Why Pharrell Williams Is A True Role Model For The Creative Minds Of Generation-Y
As a student, Pharrell Williams was like most kids who find that what they learn in the classroom does not help nurture their true talents and enthusiasms: productive, perhaps, but largely disinterested.
“I spent a lot of time in school not paying attention,” he told Fast Company's Mary Kaye Schilling, who wrote a feature on Williams in November. It was an admission that came after Pharrell had lamented the way in which, he feels, school is designed to fit everyone into small, distinct boxes.
“The school system isn't spending a lot of time looking for specific potential. We are bred to be worker bees; to grow up, get married, have a kid, drive a Volvo, do our taxes, invest in something, find a hobby.”
To some, the path that Pharrell has outlined might sound like a pretty good idea. After all, European cars are some of the finest on earth. The music producer's point wasn't made to criticize, however; it was made to express a displeasure in the way a generation is being pressured to live up to a subjective idea of success.
Whatever idea was used to measure Pharrell's aptitude, it's clear he wasn't interesting in meeting it. Like most who are disinterested in a type of education that they see as the undesirable “standard,” he didn't go to college, either.
However, the Virginia Beach native has achieved more than most teachers could ever dream for their students. In the past 12 months, he's produced top hits, designed clothing and curated art amongst other endeavors that earn him $10 million a year, after taxes.
Now, at the age of 40, it's fair to say that Pharrell has had a good amount of success throughout his career. It's also fair to say he's done it in an unorthodox manner, if not for anything more than the mere fact that aspiration for success in the arts is a generally discouraged idea.
Still, the three-time Grammy award winner knows there are artists like him out in the world, more people out there finding it hard to perform at a high level in ways that simply don't suit their passion, or worse, their capabilities.
It's the reason why, when he has a chance to mentor young artists, he guides them in a manner that's suited to their goals. “What do you want?” and “What haven't you done?” are the first two questions Williams asks of his protégés. His focus, he says, is on “actualizing potential,” the task of recognizing a talent and breeding it, which is an ideology that Sir Ken Robinson has been banging about for years.
But Pharrell doesn't have to listen to any philosopher, or tune into the latest TED Talk on education, to reach the conclusions he had on helping grow the creative mind.
As a man whose best works ooze creativity in abundance, the musician is bound to know how to appeal to anyone who considers his or herself to be an artist at any capacity. Above all else, though, it's in his nature to listen to others and, as he says, “Be quiet and absorb.”
“P's energy is endless,” says Craig Shapiro, founder of Collaborative Fund, an investment fund with which Pharrell has partnered. “And his thirst for knowledge is unparalleled. He truly enjoys learning new things and meeting new people–something most people are overwhelmed by.”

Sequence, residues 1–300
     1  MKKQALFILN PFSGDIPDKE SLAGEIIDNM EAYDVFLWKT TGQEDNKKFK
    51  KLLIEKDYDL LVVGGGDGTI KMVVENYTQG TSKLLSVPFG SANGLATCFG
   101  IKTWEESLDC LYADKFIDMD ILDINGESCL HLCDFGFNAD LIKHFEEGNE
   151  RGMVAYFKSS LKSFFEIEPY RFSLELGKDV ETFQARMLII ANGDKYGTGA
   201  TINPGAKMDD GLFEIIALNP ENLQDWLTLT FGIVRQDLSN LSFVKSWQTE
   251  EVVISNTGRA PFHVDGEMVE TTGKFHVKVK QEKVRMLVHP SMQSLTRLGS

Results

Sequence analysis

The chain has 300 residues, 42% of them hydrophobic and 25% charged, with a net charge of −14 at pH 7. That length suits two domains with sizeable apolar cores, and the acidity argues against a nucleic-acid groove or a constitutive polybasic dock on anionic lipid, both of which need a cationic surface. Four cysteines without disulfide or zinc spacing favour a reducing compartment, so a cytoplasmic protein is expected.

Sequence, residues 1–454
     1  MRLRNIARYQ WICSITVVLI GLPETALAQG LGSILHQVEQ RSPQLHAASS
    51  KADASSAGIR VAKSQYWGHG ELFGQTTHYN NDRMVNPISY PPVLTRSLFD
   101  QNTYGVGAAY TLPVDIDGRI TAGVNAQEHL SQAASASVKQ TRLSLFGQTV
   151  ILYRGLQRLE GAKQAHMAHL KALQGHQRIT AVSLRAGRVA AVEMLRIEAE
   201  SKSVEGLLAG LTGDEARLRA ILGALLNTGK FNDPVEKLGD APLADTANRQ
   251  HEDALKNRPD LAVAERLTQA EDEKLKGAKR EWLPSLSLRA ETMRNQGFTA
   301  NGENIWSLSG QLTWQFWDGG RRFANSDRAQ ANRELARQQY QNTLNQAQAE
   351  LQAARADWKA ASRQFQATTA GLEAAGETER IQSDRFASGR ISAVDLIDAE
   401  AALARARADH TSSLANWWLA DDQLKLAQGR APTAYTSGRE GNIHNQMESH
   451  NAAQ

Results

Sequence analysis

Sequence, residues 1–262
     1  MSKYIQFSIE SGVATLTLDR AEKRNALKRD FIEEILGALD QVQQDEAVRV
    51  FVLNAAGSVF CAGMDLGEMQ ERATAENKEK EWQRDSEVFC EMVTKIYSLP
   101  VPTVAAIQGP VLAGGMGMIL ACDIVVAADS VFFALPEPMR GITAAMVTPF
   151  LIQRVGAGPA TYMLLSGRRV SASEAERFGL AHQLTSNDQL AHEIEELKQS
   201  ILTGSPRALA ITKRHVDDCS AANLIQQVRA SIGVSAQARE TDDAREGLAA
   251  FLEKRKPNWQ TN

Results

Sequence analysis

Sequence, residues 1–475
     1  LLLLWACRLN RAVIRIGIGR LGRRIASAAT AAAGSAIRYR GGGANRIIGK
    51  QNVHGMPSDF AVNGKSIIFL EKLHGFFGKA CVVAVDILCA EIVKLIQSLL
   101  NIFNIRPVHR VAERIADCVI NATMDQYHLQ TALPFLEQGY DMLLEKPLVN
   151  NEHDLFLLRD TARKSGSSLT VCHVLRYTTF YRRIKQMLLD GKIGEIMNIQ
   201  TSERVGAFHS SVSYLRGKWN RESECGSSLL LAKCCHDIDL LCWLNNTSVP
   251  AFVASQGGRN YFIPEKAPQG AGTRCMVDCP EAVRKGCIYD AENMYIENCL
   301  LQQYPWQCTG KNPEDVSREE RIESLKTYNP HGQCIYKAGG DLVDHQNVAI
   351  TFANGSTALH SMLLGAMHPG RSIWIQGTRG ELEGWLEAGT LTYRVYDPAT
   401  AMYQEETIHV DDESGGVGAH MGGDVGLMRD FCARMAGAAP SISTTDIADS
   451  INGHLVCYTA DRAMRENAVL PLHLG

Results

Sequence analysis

Tyson Toussant, another partner of Pharrell's, says that the artist's influence on designs is highly impacted by his wide range of interest. “P's interested in so many things, and whatever he's working on at the time, he brings inspiration from that,” Toussant told Fast Company.
The image Shapiro and Toussant paint, of a man whose explosive artistic talent stems from an unquenchable thirst to learn, defies Williams' history as a young employee in multiple workplaces before his music career began.
“I got fired–every time,” he says. “I had good managers; I was just lazy.”
If anything, though, Pharrell's deficiency and disinterest in school, and at jobs he didn't care about, should provide a lesson when compared to his efficiency in the arts. It might as well serve as a testement to the many possibilities there are for success when a person's talent is matched with their purpose or, quite simply, their work.
For a man who's managed to design accessories for Louis Vuitton, created sculptures with Takashi Murakami and teamed with Nigo, the founder of A Bathing Ape, on several clothing lines, including Billionaire Boys Club, and produced record hits, it's clear that Pharrell's passions match his purpose.
Although much of his success can directly be traced to his decision to forgo the university route, the 40-year-old says his career experiences make up for what he lacks in “traditional” schooling.
“All of this is school for me,” he told the New York Times' Jesse Ashlock. “I didn't go to college. This is my college.”
While the musician's facial features defy his age, referring to him as a “kid” would be pushing it. For his success in artistry and refusal to bow to the pressures of any subjective ideas of intelligence, however, Pharrell Williams deserves to be regarded as a poster child for the creative minds of Generation-Y.
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